elfin streamliner

tach

When Ausca met Eureka; Nice juxtaposition of the 70’s Wedge with the curvaceous 50’s. Not many cars have been built with full canopy door openings. But with the Purvis Eureka and Holden Hurricane this exhibition has two.

Allan Purvis, an advertising executive, obtained the rights to the English developed ‘Nova’ building over 650 cars in Melbournes’ Dandenong between 1973 and 1989 considerably improving the design as he went along. The car was based on VW Beetle chassis and mechanicals although Purvis built some cars with the Ford ‘Kent’ 1600 engine, a very ‘tunable lump’ with bits from Cosworth, Holbay and the like.

Despite its Maserati A6GCS looks, the Paul England-built Ausca has links to Repco and Holden too. A gifted engineer, the Ausca remains fitting testament to Paul’s skills of 60 years ago. He passed away last year

ausca and purvis

Paul England and his friend Bill Hickey built the Ausca in their spare time at Repco Research in Sydney Road, Brunswick the clever, light car having a ladder frame chassis, a fibre glass body, the pair making the moulds. Holden front suspension was used, England narrowing the track by cutting 6 inches out of the middle of the cross-member and a Holden rear axle casing also shortened by 3 inches, suspended by quarter elliptic springs, radius rods doing locational duties.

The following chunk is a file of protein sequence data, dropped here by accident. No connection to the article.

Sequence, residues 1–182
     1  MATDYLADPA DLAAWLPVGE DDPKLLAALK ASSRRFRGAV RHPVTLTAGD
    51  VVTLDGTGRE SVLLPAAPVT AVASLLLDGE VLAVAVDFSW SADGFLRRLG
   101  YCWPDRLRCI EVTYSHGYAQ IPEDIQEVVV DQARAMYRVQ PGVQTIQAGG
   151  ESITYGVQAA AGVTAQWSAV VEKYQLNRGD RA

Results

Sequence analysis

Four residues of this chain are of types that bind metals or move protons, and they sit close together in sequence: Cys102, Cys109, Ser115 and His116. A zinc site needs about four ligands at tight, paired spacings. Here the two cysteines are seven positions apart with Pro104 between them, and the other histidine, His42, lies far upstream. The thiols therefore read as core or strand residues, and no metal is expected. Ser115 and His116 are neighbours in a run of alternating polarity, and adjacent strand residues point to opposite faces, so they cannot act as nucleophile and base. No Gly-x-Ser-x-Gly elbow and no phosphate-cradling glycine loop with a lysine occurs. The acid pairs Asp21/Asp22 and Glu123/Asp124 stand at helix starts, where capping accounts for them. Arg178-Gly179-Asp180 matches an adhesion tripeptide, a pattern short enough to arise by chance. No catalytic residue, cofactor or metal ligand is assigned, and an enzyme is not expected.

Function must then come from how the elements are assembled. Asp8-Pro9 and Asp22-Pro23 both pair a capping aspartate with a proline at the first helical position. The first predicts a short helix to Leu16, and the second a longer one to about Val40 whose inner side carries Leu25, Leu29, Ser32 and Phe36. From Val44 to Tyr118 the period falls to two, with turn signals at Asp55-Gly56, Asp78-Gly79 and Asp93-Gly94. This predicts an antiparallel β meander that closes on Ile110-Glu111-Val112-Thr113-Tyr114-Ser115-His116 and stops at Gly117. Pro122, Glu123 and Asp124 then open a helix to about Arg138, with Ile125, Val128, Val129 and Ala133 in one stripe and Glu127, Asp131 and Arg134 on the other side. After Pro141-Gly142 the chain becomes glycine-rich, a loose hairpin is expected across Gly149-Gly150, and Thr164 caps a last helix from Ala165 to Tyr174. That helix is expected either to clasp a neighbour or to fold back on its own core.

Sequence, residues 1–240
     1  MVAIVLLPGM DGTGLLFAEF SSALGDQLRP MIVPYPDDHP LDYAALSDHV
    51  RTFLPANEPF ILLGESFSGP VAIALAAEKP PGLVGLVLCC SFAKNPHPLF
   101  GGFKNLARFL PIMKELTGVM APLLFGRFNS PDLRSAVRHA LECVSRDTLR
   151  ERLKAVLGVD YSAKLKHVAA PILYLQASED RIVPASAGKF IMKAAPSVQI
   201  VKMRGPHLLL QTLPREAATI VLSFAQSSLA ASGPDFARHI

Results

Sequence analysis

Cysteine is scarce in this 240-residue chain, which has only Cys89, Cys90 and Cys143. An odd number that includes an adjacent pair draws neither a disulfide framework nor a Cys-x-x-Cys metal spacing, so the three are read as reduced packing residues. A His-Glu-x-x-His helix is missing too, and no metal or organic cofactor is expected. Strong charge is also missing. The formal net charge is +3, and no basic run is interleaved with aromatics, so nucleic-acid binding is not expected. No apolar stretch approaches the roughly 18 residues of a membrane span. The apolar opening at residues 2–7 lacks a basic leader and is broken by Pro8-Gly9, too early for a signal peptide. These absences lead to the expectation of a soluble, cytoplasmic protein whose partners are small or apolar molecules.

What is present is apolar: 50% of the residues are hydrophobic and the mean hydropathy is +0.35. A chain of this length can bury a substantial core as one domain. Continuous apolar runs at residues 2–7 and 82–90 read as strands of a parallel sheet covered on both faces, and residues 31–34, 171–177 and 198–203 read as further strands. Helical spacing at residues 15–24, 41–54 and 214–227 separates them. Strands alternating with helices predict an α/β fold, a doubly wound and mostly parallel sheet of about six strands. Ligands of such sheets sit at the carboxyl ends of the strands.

Steering was by Peugeot rack and pinion, Repco subsidiary Patons provided the drum brakes the car powered by the very first ‘Repco Hi-Power’ cross-flow head for the ubiquitous Holden ‘Grey Motor,  the engine good for around 115bhp @5000 rpm using 2 1 3/4in SU carbs 1956. Gearbox was a Fiat 521 using straight cut gears, the car first raced late in 1955.

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The Chamberlain 8 is about the wildest Australian Special of all and deserving of an article in its own right…